I met Albert Shanker in September 1995, just a year and a half before his untimely death.  I made an appointment to interview him for a book I was writing on affirmative action policies in college admissions.  My father, who taught high school, used to clip Shanker’s columns in the Sunday New York Times and share them with me.  So I was excited to meet the man whose writing on education, labor, civil rights and democracy spoke to me so profoundly.

    Shanker cut an imposing figure.  He was 6’4” with a deep voice and his office at the American Federation of Teachers had an impressive view of the Capitol.  He wasn’t one for small talk so we got right down to business.  On the issue of affirmative action, I strongly identified with Shanker’s position – wanting to find a way to remedy our nation’s egregious history of racial discrimination but simultaneously wanting to avoid a backlash from working-class whites, who also had a rightful claim to special consideration that racial preferences failed to acknowledge.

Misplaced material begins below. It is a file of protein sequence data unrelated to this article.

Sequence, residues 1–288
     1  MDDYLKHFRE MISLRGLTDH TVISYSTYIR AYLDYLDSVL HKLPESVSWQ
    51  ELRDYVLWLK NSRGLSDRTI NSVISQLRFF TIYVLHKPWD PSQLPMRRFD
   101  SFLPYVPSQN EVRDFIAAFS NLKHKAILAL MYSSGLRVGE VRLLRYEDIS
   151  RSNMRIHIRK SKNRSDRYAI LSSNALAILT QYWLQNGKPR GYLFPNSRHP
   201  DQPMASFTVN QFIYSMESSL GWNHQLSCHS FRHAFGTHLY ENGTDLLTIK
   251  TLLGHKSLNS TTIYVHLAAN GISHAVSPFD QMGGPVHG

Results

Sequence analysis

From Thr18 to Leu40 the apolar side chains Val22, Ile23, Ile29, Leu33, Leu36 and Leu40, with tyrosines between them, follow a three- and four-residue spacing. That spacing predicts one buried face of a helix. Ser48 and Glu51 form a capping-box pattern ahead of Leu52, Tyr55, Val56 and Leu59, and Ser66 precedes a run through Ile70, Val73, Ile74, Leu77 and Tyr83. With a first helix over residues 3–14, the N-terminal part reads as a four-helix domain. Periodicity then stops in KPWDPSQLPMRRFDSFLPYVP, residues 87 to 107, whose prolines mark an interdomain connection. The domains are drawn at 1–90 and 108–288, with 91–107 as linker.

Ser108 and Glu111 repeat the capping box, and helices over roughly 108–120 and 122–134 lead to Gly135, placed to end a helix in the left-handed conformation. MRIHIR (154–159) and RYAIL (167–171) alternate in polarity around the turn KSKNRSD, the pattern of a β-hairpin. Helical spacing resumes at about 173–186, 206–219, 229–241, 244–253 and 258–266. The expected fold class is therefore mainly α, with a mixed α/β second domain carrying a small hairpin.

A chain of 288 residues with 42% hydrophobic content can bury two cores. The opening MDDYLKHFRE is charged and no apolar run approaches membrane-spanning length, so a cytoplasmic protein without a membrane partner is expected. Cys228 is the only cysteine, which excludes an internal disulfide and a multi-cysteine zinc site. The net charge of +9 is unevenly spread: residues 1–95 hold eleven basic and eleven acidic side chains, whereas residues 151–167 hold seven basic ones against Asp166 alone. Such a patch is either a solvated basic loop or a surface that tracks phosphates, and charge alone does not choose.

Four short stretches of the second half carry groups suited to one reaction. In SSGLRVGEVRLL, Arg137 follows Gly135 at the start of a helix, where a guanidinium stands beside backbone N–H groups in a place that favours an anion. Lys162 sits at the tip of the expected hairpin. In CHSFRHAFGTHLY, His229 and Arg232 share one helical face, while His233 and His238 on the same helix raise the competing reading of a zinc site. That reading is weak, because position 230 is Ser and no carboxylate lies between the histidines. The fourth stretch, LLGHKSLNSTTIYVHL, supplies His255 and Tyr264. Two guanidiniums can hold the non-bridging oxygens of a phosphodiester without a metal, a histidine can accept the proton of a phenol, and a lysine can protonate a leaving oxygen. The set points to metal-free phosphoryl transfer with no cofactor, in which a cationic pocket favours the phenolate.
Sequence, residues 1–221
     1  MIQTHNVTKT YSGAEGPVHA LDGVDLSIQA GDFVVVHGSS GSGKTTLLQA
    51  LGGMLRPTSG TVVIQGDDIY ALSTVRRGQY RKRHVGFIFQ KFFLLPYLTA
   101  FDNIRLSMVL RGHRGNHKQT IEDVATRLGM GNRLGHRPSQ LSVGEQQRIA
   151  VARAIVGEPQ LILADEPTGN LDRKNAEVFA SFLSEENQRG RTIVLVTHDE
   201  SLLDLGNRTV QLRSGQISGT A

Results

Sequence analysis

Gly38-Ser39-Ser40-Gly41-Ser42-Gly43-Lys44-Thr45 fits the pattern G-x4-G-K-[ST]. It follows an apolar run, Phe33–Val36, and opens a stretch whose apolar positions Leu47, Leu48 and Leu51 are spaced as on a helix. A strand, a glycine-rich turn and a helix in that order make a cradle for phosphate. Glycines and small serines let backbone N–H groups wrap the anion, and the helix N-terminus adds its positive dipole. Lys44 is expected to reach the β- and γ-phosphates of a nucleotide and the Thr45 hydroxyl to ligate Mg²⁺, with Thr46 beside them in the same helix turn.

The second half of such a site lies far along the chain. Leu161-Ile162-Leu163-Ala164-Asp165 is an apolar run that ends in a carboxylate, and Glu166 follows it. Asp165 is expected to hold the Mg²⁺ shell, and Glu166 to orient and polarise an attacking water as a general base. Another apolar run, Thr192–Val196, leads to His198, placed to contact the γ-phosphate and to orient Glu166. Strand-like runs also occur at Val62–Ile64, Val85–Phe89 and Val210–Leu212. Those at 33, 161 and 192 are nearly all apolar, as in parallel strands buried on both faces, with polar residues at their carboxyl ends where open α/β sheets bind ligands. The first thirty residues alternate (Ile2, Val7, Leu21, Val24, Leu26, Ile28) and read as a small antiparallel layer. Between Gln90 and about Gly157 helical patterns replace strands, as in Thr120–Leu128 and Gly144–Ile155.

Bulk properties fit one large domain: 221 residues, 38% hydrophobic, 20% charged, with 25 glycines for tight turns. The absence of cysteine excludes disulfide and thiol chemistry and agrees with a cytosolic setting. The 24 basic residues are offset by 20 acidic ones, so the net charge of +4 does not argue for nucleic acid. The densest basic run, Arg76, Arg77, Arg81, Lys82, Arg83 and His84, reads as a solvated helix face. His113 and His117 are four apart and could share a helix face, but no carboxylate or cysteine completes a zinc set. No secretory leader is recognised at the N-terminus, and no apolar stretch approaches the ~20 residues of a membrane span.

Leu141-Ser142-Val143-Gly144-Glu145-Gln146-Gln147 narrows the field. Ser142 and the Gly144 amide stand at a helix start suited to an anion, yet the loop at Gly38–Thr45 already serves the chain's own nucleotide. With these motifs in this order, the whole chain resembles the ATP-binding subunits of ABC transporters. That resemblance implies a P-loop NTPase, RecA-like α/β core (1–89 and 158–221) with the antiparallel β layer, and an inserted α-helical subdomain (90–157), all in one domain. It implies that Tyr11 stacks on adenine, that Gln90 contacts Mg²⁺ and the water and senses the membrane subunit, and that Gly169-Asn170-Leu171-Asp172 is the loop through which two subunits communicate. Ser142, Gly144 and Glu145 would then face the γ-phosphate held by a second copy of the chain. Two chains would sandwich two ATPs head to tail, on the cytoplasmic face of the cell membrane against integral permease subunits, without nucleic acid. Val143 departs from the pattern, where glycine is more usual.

• Public Intellectual: The Legacy Of Al Shanker

    Twenty years ago today, the legendary president of the American Federation of Teachers, Al Shanker, died. To mark the occasion, we have asked a number of individuals – some who knew and worked with Al and some who have studied his life’s work – to reflect on the continuing relevance of his ideas and his principles. We did so out of a conviction that Shanker’s ideas and principles are not simply matters of historical interest, but of real contemporary value at a time when public education, unionism and American democracy itself are in a state of profound crisis, under attack in unprecedented ways. Beginning today with this post, we will be publishing these reflections (you can find the full series here).